METRO MANILA, August 12, 2003 (STAR) By Sheila Crisostomo  - The Department of Health (DOH) has cleared the Manila Central University (MCU) Hospital and six others of culpability in the death of quadruplets last month.

Results of the investigation conducted by a five-member probe body created by the DOH showed that none of the hospitals had violated Republic Act 8344, or the "No Deposit Law."

Quadruplets Ma. Jobel, Ma. Angeline, Ma. Angelica and Ma. Therese Calisaan were born prematurely at the Espiritu Lying-In and Maternal Clinic in Caloocan City last July 16. Their parents said the shabby treatment they received from hospitals led to delays that cost the lives of their babies.

The mother, Jocelyn, arrived at the DOH yesterday, but refused to talk to reporters.

On that fateful day, the quadruplets were transferred to the MCU Hospital where they allegedly received shabby treatment after not being able to pay a deposit. The girls died at the Dr. Jose Fabella Memorial Hospital, where the MCU had transferred them.

Barlongay noted that there was "no sufficient evidence adduced to prove that the said hospital (MCU) withheld the release of the quadruplets for transfer to another hospital unless the hospital bills were paid."

He added it was only the perception of the father Vladimir that MCU was demanding a deposit because Dr. Grace Navarro, MCUís emergency room and out-patient department resident physician, and other hospital staff, were persistent in collecting their payment.

Before moving to Fabella, MCU reportedly inquired with hospitals like the Philippine General Hospital, Chinese General Hospital, National Childrenís Medical Center, Hospital of the Infant Jesus, Philippine Medical Center and East Avenue Medical Center to transfer the babies.

Panel chairman and retired Judge Samuel Barlongay said that the hospitals did not demand deposits, contrary to the coupleís claim, although the PGH and the Hospital of the Infant Jesus gave their rates for deposits for pay patients since they were asked about them.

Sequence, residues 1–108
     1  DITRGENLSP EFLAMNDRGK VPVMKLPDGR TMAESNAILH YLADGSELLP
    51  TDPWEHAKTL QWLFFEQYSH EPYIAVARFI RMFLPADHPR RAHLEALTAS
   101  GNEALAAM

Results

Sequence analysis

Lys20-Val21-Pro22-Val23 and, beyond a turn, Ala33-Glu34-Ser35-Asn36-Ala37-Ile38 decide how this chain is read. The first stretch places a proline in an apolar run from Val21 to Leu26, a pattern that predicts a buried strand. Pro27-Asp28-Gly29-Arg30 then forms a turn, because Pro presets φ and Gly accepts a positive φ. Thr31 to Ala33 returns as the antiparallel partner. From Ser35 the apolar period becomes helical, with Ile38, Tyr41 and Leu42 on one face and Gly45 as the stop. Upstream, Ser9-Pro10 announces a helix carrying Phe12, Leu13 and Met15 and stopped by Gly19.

The panelís report showed that "none of these hospitals could admit the quadruplets because they did not have available incubators and ventilators."

The panel had, instead, blamed Dr. Francisco Espiritu, the obstetrician of the quadrupletsí mother Jocelyn, for the fate that befell the children. He owns the lying-in clinic where the girls were born.

"The case regarding the Calisaan quadruplets was not an issue of hospitals requiring deposits from their patients but an issue of hospitals and health care providerís ability to render medical attention," Barlongay added.

Barlongay said Espiritu had been complacent in the care of the motherís high-risk multiple pregnancy.

"Anticipatory management was not discussed with the couple. He failed to exercise due diligence, consistent with the standards due this case," he added.

Barlongay said the maternity clinic owned and operated by Espiritu is "far from adequate to handle deliveries."

He said the quadruplets did not have the "benefit of immediate postnatal care" in the lying-in clinic.

However, the mother, who has not blamed the doctor of any wrongdoing, said she went to the clinic on that day for a routine check-up.

The doctor then found out that she was about to give birth. Later, it was agreed that transporting the babies could be risky, according to the mother.

Still, in its recommendations, the panel said a formal complaint should be filed against Espiritu before the Professional Regulation Commission.

The panel also wanted the DOH to adopt the policy that pre-natal care of all multiple pregnancies be done only in health institutions that have the capabilities to handle high-risk pregnancies.

The panel had also recommended that DOH enjoin all hospitals to put on display a copy of the "No Deposit Law" and that this be made a requirement for renewing their license to operate.

Reported by: Sol Jose Vanzi

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